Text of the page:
The rising transaction volume, the growing support from Ctrip, and the special emphasis on service quality
At the communication conference, Luo Jun, CEO of Tujia.com, shared the strategic planning and implementation of Tujia for the past year and revealed a set of core data, which suggests that:
Compared with the same period last year, transaction volume rose significantly in the first half of 2017. Take June for an example, transaction volume increased by 3.5 times year-on-year.
Available apartments & homestays rose by 150,000 in the first half of 2017, covering 503 cities in total. At present, there are 450,000 apartments & homestays available throughout Tujia.com’s platform.
Tujia.com has invested a great deal to optimize its services. As a result, high ratings accounted for 98 per cent on average throughout the platform, while rejection rate dropped by 100 per cent.
Tujia.com maintained rapid growth in Southeast Asia, South Korea and Japan, as order volume rose by 500 per cent year-on-year. It is especially worth mentioning the Japanese market, as the number of available online shared apartments & homestays of Tujia in Japan is expected to surpass that of its rivals in 2018.
“The key of Tujia.com’s success lies in if it could accurately and appropriately match demand and supply,” Liang said.
While Ctrip invested in Tujia.com as a key part of its strategic planning in the grand hotel industry, Liang’s appearance at the communication conference was seen as a recognition of Tujia.com performance. “We are glad to see Tujia’s amazing growth within a short period of time. This fully demonstrates the growing interest over and recognition of the market,” Liang said at the conference.
At the conference, TMTPost came to learn that Tujia had already merged its shared-apartment resources with Ctrip.com and Qunar.com and had already initiated a plan to merge the resource with Elong and Elong WeChat hotel by the end of Q3. To make it more convenient to book shared-apartments and homestays, Elong now allows users to get access to Tujia.com’s products through the Hotel button inside WeChat Wallet. Jiang Hao, CEO of Elong.com, maintained that Elong would further its cooperation with Tujia in house supply, direct connection and marketing in the near future.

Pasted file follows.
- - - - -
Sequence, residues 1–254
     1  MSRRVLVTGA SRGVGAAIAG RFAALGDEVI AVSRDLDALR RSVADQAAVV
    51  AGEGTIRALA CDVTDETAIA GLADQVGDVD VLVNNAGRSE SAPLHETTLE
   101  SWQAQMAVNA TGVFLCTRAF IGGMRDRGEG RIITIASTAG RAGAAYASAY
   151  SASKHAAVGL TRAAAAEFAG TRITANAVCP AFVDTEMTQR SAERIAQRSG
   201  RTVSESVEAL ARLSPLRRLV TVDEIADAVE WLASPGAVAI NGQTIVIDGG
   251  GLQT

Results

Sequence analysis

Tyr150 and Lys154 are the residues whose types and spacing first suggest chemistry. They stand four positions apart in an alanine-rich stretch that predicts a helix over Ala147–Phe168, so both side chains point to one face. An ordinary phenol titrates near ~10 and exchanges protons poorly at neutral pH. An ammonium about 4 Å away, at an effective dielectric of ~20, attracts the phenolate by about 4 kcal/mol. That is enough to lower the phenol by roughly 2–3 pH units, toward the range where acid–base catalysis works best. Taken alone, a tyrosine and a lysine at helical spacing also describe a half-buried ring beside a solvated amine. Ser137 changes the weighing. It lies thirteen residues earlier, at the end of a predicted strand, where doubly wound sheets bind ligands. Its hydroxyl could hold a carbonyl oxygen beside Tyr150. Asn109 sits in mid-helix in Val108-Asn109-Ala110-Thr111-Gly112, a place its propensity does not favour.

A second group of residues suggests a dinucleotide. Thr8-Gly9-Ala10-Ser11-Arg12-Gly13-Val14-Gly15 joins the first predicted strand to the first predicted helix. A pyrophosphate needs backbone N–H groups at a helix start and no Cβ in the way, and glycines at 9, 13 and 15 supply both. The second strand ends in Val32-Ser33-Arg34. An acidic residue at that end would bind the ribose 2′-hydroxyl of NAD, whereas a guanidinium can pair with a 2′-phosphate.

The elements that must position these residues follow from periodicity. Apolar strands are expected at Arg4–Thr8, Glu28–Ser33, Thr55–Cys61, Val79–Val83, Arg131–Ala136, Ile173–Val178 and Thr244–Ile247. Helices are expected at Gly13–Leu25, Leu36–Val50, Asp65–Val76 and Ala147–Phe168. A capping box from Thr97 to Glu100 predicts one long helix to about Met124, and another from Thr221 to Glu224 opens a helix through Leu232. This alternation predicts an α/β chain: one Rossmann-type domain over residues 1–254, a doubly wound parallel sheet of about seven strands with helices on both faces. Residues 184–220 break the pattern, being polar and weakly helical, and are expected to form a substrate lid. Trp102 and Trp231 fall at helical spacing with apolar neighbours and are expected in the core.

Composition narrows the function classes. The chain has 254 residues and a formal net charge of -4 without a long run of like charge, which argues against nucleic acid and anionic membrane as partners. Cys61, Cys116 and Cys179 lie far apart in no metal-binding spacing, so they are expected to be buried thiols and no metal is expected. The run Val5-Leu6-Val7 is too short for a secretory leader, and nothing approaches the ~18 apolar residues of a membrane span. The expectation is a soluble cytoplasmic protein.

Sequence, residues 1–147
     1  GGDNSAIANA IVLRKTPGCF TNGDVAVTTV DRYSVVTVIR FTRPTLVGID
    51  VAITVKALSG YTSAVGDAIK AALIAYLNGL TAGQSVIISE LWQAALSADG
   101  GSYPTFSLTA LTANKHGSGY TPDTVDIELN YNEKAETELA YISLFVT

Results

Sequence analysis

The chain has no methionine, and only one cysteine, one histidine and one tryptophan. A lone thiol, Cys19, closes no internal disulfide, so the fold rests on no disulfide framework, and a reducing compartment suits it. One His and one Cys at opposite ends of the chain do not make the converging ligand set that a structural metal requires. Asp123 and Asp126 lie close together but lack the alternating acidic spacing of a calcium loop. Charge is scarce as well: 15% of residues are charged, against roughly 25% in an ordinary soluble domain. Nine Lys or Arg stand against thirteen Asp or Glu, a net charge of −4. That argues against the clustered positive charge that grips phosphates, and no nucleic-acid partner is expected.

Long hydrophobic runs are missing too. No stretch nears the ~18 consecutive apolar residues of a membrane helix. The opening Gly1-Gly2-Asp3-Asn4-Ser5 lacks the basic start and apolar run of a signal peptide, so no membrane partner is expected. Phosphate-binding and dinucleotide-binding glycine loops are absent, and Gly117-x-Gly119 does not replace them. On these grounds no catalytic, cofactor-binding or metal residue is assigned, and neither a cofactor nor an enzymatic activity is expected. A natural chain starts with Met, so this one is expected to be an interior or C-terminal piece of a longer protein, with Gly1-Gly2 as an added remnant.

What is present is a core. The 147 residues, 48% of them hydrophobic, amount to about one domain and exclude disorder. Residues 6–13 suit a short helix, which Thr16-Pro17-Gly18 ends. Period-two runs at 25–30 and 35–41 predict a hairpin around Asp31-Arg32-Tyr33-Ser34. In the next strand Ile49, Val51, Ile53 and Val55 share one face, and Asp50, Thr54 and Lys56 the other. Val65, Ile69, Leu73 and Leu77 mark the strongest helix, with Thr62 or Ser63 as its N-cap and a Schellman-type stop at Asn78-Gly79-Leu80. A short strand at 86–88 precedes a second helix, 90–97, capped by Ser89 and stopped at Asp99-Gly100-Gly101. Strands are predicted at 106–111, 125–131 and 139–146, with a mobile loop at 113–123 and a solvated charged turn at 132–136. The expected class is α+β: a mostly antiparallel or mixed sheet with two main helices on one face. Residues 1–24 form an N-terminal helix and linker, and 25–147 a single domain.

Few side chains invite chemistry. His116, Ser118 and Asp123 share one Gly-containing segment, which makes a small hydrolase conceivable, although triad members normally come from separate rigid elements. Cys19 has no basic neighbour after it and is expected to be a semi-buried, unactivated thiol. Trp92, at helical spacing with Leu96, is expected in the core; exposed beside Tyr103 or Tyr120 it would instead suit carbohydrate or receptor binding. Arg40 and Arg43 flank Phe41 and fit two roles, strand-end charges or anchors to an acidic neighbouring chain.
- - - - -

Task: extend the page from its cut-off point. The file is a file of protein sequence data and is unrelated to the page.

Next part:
Liang also revealed that Ctrip, Qunar and Elong would integrate shared apartments & homestays into their product line, recommend appropriate products in target destinations to target users and help them make the right choice.
For a long peiord of time, Tujia.com has maintained a friendly interactive relationship with Ctrip’s member platforms. On December 7th, Tujia entered into strategic cooperation agreement with Ctrip, merely six days after its foundation. On January 17th, 2014, Ctrip added a special channel for Tujia.com. That October, Tujia entered into strategic agreement with Ctrip, Qunar, acquired their apartment & homestay business and entirely integrated their resources and teams.
With the strong support from Ctrip and huge traffic from WeChat Hotel, Tujia.com’s goal is no longer confined to transaction volume and house supply, for sure. Instead, it has shifted its focus to better service quality and lodging experience.
“I never take pride in the transaction volume or house supply on Tujia.com,” Luo said, “reputation matters more in future competition. That’s why I attach high importance to landlord rejection rate and am glad to see that our rejection rate dropped by 100 per cent from Q1 to Q2.”
In addition, Luo revealed to TMTPost that Tujia.com had already launched various services in 18 cities to improve user experience, such as “Wash at Ease” and “Stay at Ease”, and had been testing its “smart hardware kit” to improve standardization in non-standardized shared apartments & homestays.
As the landscape of the Chinese short-term online apartment & homestay market grows clearer, the integration of Tujia.com and Elong’s apartment & homestay resources is sure to bring huge traffic to Tujia.com. With the strong support from Ctrip, Tujia.com is already well-prepared to fight head-on with Airbnb and Xiaozhu.com.
[The article is published and edited with authorization from the author @Gao Mengyang. Please note the source and hyperlink when reproduce.]
Translated by Levin Feng (Senior Translator at PAGE TO PAGE), working for TMTpost.